Graduate studies at Western
Philosophical Psychology 13 (3):393 – 403 (2000)
|Abstract||Dual aspect theory has conceptual advantages over alternative mind-body notions, but difficulties of its own. The nature of the underlying psychophysical ground, for one, remains problematic either in terms of the principle of complementarity or if mind and matter are taken to be aspects of something like energy, movement, or information. Moreover, for a dual aspect theory to be plausible it should avoid the four perils of all mind-body theories: epiphenomenalism, reductionism, gross panpsychism, and the problems of emergence. An alternative dual aspect theory, patterned process theory, is introduced and defended in neurological and individuality terms. The concept is grounded in a brain model of hierarchies wherein consciousness is conceived to be a cognitive aspect of the highest emergent brain inter-module activity, which is situated in the context of a living organism coping with a changing environment. The notion of individuals as psychophysical units unfolding as patterned processes is shown to constitute an integrative approach to brain, consciousness, and behavior that can avoid the conceptual perils and meet the ontological requirements of dual aspect reality and thereby advance the foundations of an integrative mind-body science.|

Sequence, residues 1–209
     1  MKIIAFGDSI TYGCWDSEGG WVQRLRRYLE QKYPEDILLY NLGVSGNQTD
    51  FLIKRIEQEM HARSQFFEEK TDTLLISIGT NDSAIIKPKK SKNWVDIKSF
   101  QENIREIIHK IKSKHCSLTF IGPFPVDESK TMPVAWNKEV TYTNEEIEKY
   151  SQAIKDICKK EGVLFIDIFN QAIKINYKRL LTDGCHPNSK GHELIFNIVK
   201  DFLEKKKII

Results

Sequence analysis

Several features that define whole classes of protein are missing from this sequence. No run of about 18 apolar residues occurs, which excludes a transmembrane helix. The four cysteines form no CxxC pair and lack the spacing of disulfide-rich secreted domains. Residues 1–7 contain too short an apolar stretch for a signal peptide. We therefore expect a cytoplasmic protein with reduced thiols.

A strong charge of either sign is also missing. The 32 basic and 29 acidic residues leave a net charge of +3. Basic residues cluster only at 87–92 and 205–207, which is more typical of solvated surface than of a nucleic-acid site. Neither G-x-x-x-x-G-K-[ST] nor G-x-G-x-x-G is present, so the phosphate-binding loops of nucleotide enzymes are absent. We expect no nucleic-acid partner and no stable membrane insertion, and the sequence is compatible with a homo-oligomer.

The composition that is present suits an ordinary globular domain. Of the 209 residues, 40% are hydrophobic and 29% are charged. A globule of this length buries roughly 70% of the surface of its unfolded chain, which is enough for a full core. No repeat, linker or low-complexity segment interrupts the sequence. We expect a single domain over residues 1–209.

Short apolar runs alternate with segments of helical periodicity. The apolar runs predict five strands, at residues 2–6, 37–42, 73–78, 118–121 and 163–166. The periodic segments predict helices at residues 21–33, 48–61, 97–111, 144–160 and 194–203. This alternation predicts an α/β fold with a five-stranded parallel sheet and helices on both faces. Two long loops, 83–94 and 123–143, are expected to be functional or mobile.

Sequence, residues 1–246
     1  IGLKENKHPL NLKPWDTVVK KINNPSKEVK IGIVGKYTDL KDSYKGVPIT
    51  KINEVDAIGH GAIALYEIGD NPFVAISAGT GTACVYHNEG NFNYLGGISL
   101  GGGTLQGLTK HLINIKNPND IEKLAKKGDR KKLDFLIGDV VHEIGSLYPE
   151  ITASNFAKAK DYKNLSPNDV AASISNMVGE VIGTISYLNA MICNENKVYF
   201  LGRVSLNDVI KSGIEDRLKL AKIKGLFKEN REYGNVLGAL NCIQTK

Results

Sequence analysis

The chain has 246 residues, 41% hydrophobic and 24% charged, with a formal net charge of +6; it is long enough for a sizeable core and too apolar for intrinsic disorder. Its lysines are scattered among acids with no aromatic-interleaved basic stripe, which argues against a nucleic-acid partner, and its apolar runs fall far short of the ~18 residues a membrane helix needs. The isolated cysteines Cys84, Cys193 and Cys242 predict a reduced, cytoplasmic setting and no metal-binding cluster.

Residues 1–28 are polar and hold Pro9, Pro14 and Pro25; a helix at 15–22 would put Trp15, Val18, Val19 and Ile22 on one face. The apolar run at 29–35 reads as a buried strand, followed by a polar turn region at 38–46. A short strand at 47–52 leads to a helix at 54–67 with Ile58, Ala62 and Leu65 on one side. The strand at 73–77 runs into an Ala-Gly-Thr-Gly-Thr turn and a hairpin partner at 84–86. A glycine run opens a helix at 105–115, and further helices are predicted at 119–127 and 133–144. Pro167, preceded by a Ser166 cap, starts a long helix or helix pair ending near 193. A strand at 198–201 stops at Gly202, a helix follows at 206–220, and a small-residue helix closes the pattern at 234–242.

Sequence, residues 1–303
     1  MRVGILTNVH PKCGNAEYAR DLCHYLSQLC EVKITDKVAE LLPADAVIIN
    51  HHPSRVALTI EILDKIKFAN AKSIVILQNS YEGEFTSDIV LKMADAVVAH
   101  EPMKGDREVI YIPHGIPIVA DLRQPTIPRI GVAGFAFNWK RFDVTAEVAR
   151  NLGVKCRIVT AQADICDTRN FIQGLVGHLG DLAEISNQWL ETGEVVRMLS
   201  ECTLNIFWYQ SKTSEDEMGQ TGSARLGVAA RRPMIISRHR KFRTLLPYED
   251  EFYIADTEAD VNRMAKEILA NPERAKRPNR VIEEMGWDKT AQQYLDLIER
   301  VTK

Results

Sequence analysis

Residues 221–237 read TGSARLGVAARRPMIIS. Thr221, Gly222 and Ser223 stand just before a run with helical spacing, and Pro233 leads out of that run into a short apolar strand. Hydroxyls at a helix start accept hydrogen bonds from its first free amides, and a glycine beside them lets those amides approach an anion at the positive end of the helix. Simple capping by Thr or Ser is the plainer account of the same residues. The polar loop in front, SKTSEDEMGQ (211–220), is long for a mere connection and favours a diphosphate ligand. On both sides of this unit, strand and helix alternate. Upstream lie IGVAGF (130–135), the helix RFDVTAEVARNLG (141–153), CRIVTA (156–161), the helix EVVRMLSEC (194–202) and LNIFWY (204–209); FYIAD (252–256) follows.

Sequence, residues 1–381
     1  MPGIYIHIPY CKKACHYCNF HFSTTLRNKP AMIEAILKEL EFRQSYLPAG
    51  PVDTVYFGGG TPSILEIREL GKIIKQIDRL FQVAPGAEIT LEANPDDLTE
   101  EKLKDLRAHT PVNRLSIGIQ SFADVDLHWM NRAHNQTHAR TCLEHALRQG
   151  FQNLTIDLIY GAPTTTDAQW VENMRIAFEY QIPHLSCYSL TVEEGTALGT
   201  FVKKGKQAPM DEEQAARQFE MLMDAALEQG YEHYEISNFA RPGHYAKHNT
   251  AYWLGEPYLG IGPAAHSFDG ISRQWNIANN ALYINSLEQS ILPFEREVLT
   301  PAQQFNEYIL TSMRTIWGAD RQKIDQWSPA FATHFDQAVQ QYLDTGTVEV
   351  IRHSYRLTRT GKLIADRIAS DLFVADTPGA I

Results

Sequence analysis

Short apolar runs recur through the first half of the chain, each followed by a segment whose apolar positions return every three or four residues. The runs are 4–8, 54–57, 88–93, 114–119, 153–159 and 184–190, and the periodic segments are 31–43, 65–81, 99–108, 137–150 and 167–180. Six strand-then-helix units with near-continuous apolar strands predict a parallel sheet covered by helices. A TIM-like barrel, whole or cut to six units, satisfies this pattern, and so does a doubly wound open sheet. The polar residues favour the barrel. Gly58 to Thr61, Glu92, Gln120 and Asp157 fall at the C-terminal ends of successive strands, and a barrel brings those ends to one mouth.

|Keywords||No keywords specified (fix it)|
|Categories||categorize this paper)|
|Through your library||Configure|
Similar books and articles
Harald Walach (2007). Mind -- Body -- Spirituality. Mind and Matter 5 (2):215-240.
IV Edwin R. Wallace (1990). Mind-Body and the Future of Psychiatry. Journal of Medicine and Philosophy 15 (1).
Max Velmans (2007). Psychophysical Nature. In Harald Atmanspacher & Hans Primas (eds.), [Book Chapter] (in Press). Springer.
Brian O'Shaughnessy (1980). The Will: A Dual Aspect Theory (2 Vols.). Cambridge University Press.
Brian O'Shaughnessy (2008). The Will: A Dual Aspect Theory. Cambridge University Press.
José‐Luis Díaz (1997). A Patterned Process Approach to Brain, Consciousness, and Behavior. Philosophical Psychology 10 (2):179-195.
D. (2000). Mind-Body Unity, Dual Aspect, and the Emergence of Consciousness. Philosophical Psychology 13 (3):393-403.
José-Luis Díaz (1997). A Patterned Process Approach to Brain, Consciousness, and Behavior. Philosophical Psychology 10 (2):179-195.
Ram Lakhan Pandey Vimal (2009). The Most Optimal Dual-Aspect-Dual-Mode Framework for Consciousness: Recent Development. In Michel Weber (ed.), Chromatikon: Yearbook of Philosopy in Process.
Added to index2009-01-28
Total downloads31 ( #44,928 of 740,358 )
Recent downloads (6 months)1 ( #61,960 of 740,358 )
How can I increase my downloads?